With all residential buy-to-let properties currently requiring an Energy Performance Certificate (EPC) of ‘E’, landlords are now facing the harsh reality that all new private rental properties will most likely be required to have an EPC rating of ‘C’ in under 4 years (if the anticipated proposals go ahead). With over a third of landlords having expressed doubts over their ability to meet these standards within the required time frame; these changes could mean a mass exodus of landlords from the market…

What is an EPC?

You are currently required by law to have an Energy Performance Certificate (EPC) when a property is built, sold, or rented. Prior to a property being marketed to sell or rent, an EPC for any potential buyer or tenant must be provided.

EPC’s give properties an energy efficiency rating from A (most efficient) to a G (least efficient) and is valid for 10 years. Landlords can face fines of up to £500 per property if they don’t provably meet the required standards.

What are the concerns in relation to the proposed ‘C’ rating?

Concerns surrounding the new proposals are multiple – and include the inability to finance the improvements (which include things such as boiler replacements, insulation changes and making costly changes to windows and doors).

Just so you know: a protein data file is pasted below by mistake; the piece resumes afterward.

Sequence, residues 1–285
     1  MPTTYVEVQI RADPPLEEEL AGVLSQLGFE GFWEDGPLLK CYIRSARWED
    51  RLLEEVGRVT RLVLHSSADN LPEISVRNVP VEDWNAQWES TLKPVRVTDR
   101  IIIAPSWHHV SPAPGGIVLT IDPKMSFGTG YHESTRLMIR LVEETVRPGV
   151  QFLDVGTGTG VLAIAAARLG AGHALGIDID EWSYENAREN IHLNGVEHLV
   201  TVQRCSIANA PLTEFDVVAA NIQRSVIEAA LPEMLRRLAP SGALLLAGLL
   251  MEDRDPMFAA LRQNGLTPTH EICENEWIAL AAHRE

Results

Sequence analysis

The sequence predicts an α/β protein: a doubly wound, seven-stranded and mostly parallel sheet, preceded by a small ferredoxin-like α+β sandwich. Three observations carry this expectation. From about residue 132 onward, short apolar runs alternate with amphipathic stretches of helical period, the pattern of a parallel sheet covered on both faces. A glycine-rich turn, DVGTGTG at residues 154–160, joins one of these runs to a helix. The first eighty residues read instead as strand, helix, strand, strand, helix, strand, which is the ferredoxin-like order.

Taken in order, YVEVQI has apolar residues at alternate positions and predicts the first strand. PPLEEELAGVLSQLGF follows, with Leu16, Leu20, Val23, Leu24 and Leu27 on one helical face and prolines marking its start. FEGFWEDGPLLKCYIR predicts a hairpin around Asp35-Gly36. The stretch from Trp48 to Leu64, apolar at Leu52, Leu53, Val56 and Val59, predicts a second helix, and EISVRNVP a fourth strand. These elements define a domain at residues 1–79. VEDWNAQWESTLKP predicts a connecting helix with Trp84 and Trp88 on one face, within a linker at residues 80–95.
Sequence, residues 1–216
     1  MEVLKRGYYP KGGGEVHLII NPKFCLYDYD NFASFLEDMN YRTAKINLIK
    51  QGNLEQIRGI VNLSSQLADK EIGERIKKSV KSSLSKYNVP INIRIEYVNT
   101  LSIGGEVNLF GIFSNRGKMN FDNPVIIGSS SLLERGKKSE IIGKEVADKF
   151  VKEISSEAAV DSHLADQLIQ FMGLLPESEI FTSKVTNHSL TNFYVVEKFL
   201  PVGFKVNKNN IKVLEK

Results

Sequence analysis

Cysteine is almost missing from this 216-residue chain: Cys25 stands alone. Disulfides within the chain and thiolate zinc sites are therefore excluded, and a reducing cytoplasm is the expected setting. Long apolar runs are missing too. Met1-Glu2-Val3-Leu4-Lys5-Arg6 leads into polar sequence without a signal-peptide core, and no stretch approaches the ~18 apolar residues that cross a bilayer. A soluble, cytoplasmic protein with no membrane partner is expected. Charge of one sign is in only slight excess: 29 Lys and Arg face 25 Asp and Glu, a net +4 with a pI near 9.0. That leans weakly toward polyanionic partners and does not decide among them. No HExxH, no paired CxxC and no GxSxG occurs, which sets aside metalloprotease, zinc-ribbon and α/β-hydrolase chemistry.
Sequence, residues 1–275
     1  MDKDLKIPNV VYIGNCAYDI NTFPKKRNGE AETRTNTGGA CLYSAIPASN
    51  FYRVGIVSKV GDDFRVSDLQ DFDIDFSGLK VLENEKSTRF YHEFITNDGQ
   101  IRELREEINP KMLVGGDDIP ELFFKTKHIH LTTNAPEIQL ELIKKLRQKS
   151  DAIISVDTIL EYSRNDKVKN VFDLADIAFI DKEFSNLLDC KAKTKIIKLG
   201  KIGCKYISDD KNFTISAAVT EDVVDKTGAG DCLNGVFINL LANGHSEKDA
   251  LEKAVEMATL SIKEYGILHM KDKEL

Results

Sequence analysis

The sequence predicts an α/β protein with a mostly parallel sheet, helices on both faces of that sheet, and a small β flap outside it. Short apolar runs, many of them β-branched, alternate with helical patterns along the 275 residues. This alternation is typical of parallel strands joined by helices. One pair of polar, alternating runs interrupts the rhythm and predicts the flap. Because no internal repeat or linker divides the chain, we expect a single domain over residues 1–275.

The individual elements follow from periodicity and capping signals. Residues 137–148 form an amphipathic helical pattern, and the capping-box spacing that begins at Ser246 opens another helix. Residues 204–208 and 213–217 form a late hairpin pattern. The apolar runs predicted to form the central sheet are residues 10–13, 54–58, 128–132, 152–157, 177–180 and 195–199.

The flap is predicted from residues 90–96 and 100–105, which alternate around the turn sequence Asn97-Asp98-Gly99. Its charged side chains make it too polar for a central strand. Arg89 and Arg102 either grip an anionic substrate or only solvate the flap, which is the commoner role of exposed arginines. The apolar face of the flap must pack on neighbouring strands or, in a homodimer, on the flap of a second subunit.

One portfolio landlord in a statement to This is Money made the following statement:

“Of all the punitive recent legislation and anti-landlord changes, nothing comes close to the impending minimum C rating. It is this alone that will cause me to sell my buy-to-let properties, and I suspect, a large number of others. My properties are old and as such will take a ridiculous amount of money to bring up to a C, even if that were possible, which I suspect it will not be. It is by far the biggest threat to the buy-to-let market and it is within plain sight.” – portfolio landlord statement to This is Money

There have also been concerns expressed in relation to the potential need for tenant evictions to make the changes required, as well as worries over investment return.

How likely is it that the ‘C’ rating proposals will go ahead?

Landlords are understandably confused as to whether they need to start preparing now; as the proposals are not set in stone. However, experts appear to stand in agreement that these changes will indeed take place.

Will there be any financial support in place for landlords to improve their EPC rating?

As things stand now; this is unclear. Whilst there has been government talk of potential grants/loans; the various comments that have been made have been relatively vague. More information on this is expected to come to light after the final bill goes to vote.

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